Q. I have a question about a plant that I find very intriguing: the Castor Bean Plant. I had seen a few in my neighborhood and finally tracked a plant down in nearby Ottsville, PA, thinking I'd hit the jackpot. I planted it in a spot I thought it would like judging from the others I'd seen, and it has thrived right outside my back door. Then I read an article about the plant in my favorite local paper, The Bucks County Herald, and was horrified! The described toxicity of the beans (though they are beautiful to look at) really scared me! I had known nothing about the beans being poisonous; I just loved the way the plant looked and how it added contrast to the garden.
I had just passed on some seeds to my Mom, and as soon as I finished the article I called her to say "Don't touch them again until I talk to Mike McGrath!" I even had anxiety dreams about it, as we have four children, a beloved dog, and this plant is right outside our back door. The children are ages 6 to 12, so they know better than to ingest a bean, and the dog doesn't go into my garden that often. Am I over-reacting to think I should I rip this specimen out of the ground and have my Mom toss the seeds? Seeing the word 'Ricin' in the article literally scared me silly. My mom and I would love to hear your thoughts on this, and we always appreciate your words of wisdom and humor.
- ---Gayle in Doylestown, PA
Let's begin with what it is—a dramatic tropical plant that can easily grow ten feet tall in a season with huge colorful leaves as big as dinner plates. Because it is tropical, Gayle doesn't have to worry about the one she planted, as it died from frost shortly after she wrote us back in October. (In frost free climes they can become small trees.)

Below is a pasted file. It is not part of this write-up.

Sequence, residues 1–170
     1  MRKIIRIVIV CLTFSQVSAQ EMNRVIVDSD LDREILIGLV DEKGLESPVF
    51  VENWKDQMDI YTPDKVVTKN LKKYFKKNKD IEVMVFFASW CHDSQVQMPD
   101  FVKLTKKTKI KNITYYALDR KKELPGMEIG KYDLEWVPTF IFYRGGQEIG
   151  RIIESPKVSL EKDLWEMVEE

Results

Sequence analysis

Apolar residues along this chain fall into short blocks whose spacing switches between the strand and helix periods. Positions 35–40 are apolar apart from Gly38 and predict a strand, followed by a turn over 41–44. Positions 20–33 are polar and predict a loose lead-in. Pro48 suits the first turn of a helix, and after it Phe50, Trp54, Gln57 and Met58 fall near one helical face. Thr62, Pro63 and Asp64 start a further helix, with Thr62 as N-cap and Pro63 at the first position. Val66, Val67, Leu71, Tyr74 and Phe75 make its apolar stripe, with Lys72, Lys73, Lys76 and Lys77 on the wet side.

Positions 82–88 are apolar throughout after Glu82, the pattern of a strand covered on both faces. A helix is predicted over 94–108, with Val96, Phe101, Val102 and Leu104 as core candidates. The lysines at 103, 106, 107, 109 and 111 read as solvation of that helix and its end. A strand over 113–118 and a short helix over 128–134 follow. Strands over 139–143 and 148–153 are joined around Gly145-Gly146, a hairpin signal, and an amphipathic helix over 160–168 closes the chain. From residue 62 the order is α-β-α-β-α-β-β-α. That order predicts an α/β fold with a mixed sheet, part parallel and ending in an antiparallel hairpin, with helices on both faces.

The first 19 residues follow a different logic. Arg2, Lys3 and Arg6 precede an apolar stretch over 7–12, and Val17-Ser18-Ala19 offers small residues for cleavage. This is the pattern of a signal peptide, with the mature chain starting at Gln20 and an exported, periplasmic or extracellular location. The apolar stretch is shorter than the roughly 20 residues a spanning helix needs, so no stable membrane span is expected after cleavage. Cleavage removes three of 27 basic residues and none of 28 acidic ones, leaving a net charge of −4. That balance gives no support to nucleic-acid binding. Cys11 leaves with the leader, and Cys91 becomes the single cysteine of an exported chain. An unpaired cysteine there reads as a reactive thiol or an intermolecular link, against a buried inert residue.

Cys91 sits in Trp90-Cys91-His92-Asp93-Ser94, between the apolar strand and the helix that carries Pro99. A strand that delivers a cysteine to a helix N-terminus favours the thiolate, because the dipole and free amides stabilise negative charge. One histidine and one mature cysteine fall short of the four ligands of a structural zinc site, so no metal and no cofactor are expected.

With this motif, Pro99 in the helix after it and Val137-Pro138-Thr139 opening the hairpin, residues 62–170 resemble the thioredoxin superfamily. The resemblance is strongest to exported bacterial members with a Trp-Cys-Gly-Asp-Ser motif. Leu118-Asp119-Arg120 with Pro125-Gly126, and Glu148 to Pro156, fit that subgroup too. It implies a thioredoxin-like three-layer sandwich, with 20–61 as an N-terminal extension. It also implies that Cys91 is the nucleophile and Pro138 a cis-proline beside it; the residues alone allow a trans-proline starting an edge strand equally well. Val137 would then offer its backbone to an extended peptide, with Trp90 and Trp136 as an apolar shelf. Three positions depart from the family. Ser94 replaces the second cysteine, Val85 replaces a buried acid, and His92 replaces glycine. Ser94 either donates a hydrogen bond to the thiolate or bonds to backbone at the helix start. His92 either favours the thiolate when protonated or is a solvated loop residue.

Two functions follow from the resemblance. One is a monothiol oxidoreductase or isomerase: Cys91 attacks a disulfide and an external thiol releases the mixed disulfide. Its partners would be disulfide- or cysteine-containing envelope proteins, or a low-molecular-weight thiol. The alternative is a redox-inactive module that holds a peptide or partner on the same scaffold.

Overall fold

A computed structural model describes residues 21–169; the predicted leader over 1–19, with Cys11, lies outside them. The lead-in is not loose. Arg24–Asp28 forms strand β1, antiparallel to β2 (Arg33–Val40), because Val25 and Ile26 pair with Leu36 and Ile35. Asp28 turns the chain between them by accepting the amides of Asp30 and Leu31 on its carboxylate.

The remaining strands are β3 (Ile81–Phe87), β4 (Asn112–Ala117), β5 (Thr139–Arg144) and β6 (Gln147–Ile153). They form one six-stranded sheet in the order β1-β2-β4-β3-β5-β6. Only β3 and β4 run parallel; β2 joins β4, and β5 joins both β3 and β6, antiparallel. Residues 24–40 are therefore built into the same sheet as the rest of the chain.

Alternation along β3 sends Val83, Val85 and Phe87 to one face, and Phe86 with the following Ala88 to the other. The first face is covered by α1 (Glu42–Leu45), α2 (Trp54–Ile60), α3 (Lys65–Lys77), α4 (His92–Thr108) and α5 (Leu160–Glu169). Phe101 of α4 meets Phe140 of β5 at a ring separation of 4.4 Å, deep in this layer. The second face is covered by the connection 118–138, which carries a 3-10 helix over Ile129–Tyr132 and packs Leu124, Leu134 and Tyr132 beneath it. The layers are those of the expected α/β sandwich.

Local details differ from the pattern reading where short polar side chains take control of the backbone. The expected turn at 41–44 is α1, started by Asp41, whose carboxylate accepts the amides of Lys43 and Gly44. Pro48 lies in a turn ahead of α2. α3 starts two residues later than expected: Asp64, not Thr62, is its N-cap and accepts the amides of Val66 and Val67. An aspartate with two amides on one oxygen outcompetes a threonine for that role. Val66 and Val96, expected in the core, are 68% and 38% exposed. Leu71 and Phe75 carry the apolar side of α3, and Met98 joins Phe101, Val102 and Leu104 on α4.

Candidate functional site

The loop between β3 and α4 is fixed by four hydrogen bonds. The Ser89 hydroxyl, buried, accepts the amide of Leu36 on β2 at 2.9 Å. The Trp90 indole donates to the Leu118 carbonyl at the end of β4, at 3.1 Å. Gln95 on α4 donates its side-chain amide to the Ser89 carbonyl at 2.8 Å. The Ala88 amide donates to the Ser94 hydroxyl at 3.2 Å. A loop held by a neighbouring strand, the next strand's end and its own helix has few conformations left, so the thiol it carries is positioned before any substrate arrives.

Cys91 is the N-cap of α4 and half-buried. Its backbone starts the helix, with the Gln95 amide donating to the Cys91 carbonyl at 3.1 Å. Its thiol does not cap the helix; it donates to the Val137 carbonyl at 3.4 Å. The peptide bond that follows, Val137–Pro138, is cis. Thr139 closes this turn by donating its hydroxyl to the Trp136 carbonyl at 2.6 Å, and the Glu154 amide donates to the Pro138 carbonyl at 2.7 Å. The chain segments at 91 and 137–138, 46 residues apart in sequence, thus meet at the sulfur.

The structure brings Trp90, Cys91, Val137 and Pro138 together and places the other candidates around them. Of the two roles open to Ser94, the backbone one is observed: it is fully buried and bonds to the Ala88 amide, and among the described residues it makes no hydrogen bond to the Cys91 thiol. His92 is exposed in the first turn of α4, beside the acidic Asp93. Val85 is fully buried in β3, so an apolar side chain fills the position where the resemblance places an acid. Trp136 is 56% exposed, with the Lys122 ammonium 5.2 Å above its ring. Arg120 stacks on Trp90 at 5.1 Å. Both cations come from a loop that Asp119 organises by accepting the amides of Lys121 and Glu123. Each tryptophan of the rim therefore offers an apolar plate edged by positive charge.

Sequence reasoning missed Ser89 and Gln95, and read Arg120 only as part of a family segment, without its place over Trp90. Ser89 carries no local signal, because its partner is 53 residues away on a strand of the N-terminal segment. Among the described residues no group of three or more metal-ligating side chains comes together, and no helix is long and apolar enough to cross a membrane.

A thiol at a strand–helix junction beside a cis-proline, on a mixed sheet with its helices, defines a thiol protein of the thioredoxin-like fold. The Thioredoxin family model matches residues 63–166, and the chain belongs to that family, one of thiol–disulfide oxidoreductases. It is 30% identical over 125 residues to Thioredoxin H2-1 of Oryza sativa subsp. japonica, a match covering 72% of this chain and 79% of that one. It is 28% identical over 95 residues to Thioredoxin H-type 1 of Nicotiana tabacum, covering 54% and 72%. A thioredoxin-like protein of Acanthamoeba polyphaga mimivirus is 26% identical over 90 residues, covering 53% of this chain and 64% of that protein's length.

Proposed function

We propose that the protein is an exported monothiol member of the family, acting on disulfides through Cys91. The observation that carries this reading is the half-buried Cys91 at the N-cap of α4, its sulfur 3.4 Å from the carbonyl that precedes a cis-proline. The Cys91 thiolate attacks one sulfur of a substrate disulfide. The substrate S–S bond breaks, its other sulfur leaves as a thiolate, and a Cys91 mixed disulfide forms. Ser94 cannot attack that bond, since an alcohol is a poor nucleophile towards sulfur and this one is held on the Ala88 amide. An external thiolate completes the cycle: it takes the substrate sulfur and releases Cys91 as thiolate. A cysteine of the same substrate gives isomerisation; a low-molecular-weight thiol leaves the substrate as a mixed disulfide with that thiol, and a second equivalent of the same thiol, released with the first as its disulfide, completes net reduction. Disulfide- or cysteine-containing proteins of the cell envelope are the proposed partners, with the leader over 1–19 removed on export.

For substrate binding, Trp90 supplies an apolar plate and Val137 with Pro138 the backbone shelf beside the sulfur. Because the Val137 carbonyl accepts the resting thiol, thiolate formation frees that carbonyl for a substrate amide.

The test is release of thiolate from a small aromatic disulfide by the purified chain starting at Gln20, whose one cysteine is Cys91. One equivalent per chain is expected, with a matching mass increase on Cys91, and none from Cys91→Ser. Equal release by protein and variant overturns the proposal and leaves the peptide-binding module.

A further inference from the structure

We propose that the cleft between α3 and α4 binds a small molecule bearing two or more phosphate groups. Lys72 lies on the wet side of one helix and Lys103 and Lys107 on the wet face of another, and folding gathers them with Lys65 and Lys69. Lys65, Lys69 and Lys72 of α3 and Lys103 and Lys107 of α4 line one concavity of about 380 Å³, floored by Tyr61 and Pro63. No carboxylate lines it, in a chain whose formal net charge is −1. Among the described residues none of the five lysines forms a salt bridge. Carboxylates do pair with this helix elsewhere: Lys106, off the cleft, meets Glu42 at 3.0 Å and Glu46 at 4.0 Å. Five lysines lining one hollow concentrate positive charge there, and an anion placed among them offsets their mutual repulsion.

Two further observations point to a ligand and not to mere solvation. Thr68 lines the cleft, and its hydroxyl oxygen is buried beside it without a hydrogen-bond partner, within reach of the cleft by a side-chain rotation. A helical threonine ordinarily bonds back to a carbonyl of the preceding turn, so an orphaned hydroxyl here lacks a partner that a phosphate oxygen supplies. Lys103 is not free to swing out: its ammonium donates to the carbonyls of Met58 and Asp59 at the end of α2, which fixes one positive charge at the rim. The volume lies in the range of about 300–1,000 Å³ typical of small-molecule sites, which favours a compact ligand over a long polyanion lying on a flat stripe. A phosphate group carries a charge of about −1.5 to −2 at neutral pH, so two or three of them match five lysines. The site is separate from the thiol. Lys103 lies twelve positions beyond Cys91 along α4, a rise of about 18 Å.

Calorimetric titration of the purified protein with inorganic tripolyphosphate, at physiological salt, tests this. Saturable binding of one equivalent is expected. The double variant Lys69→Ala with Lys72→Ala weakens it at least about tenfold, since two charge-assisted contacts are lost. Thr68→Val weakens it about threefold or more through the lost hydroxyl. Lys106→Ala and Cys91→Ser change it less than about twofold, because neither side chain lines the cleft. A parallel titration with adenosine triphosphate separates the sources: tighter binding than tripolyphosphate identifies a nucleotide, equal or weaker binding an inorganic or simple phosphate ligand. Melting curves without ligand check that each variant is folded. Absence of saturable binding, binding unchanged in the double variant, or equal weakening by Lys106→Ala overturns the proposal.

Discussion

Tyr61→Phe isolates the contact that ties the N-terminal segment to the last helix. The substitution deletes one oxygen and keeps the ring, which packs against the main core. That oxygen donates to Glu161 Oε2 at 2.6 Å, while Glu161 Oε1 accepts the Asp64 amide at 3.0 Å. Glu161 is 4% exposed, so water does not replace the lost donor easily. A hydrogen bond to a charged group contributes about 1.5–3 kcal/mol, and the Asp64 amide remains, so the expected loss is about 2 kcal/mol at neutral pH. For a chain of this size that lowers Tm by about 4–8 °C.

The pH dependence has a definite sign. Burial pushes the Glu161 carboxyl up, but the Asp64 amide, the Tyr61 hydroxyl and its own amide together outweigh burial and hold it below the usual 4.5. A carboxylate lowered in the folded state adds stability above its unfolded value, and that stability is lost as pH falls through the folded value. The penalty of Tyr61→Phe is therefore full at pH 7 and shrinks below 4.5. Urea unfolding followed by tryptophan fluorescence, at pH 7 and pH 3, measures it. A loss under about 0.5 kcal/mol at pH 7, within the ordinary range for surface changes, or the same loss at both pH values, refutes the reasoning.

The plant has a surprisingly long history, with Lawrence Griffith's fine book "Flowers and Herbs of Early America" (published by the Colonial Williamsburg Foundation in 2008 in association with the Yale University Press) citing references to it as far back as the third century BC. Early Egyptians apparently used oil pressed from the notorious seeds in their lamps, and Thomas Jefferson is known to have deliberately planted it in areas where he hoped it would live up to its folklore and deter moles. (And, true to his famously competitive nature, he carefully nurtured one show-off specimen to a height of 22 feet.)
Unfortunately Jefferson probably learned that making George Washington extremely jealous was pretty much all the plant would do, as it seems to be universally acknowledged that a castor bean plant growing in soil does not deter moles. But some studies suggest that a specific form of castor oil distilled from the beans does repel moles, voles and other underground pests when applied to the soil. (As with medicinal castor oil, the poisonous ricin is removed during the distillation process.)
And yes, it really is ricin in the beans—the same deadly poison used in a famous political assassination involving a trick umbrella and in numerous terrorist incidents.
So, has Gayle endangered her mother by sending her those Seeds of Death (which look, by the way, like beautifully-colored engorged dog ticks)? Nope. I found the seeds listed for sale in several 2012 catalogs—all with the warning to keep the seeds away from children, but otherwise touted as a dramatic tropical ornamental (especially some of the subspecies, which sport wildly colored leaves).
The seeds are perfectly safe to handle, as they have a heavy protective coating that must be broken to release any of the nasty bits. Some sources even say that you could swallow the seeds without ill effect as they would simply pass through you, and that you'd have to chew them to be poisoned. (We do not suggest putting this advice to the test.)